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CRUD - Create - Swift SDK

On this page

  • Create a New Object
  • About The Examples On This Page
  • Create an Object
  • Initialize Objects with a Value
  • Create an Object with JSON
  • Create an Embedded Object
  • Create an Object with a Map Property
  • Create an Object with a MutableSet Property
  • Create an Object with an AnyRealmValue Property
  • Create an Object Asynchronously
  • Create an Asymmetric Object
  • Copy an Object to Another Realm

The examples on this page use the following models:

You can initialize an object by passing an initializer value to Object.init(value:). The initializer value can be a key-value coding compliant object, a dictionary, or an array containing one element for each managed property.


When using an array as an initializer value, you must include all properties in the same order as they are defined in the model.

You can even initialize related or embedded objects by nesting initializer values:

Some property types are only mutable in a write transaction. For example, you can instantiate an object with a MutableSet property, but you can only set that property's value in a write transaction. You cannot initialize the object with a value for that property unless you do so inside a write transaction.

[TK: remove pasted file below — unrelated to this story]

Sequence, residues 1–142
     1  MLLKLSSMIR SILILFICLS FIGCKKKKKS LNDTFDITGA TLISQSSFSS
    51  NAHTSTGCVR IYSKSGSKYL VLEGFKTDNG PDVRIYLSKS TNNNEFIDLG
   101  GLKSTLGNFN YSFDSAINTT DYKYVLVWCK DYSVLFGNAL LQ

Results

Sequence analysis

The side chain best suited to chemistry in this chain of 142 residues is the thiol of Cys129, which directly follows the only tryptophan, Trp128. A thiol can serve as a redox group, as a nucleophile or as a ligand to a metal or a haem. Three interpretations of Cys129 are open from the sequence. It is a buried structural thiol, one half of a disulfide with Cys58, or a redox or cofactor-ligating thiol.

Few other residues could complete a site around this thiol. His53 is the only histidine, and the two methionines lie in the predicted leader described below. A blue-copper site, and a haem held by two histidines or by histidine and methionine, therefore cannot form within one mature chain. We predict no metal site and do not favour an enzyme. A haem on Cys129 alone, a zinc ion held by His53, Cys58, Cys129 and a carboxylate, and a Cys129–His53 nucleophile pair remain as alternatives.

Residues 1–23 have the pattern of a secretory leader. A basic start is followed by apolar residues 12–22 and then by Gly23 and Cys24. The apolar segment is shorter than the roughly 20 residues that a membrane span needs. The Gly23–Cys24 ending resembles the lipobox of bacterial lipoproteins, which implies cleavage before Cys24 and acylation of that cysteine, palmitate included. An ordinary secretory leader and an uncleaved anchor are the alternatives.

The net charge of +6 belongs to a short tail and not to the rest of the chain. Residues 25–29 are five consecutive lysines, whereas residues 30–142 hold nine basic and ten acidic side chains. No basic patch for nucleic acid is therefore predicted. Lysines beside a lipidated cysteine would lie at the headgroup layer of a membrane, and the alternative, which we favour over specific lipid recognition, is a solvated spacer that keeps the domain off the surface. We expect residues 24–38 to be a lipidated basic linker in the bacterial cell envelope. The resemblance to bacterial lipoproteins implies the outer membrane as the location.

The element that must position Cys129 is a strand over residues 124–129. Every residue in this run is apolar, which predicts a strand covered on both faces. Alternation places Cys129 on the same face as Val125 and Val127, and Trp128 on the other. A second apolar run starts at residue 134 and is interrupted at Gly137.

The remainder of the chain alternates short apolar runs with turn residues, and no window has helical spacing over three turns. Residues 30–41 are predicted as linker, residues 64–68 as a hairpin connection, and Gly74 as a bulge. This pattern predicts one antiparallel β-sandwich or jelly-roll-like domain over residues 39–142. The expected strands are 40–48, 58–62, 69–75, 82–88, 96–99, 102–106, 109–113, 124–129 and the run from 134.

Realm does not directly support JSON, but you can use JSONSerialization.jsonObject(with:options:) to convert JSON into a value that you can pass to Realm.create(_:value:update:).

Nested objects or arrays in the JSON map to to-one or to-many relationships.

The JSON property names and types must match the destination object schema exactly. For example:

  • float properties must be initialized with float-backed NSNumbers.

  • Date and Data properties cannot be inferred from strings. Convert them to the appropriate type before passing to Realm.create(_:value:update:).

  • Required properties cannot be null or missing in the JSON.

Realm ignores any properties in the JSON not defined in the object schema.


If your JSON schema doesn't exactly align with your Realm objects, consider using a third-party framework to transform your JSON. There are many model mapping frameworks that work with Realm. See a partial list in the realm-swift repository.

To create an embedded object, assign an instance of the embedded object to a parent object's property:

When you create an object that has a map property, you can set the values for keys in a few ways:

  • Set keys and values on the object and then add the object to the realm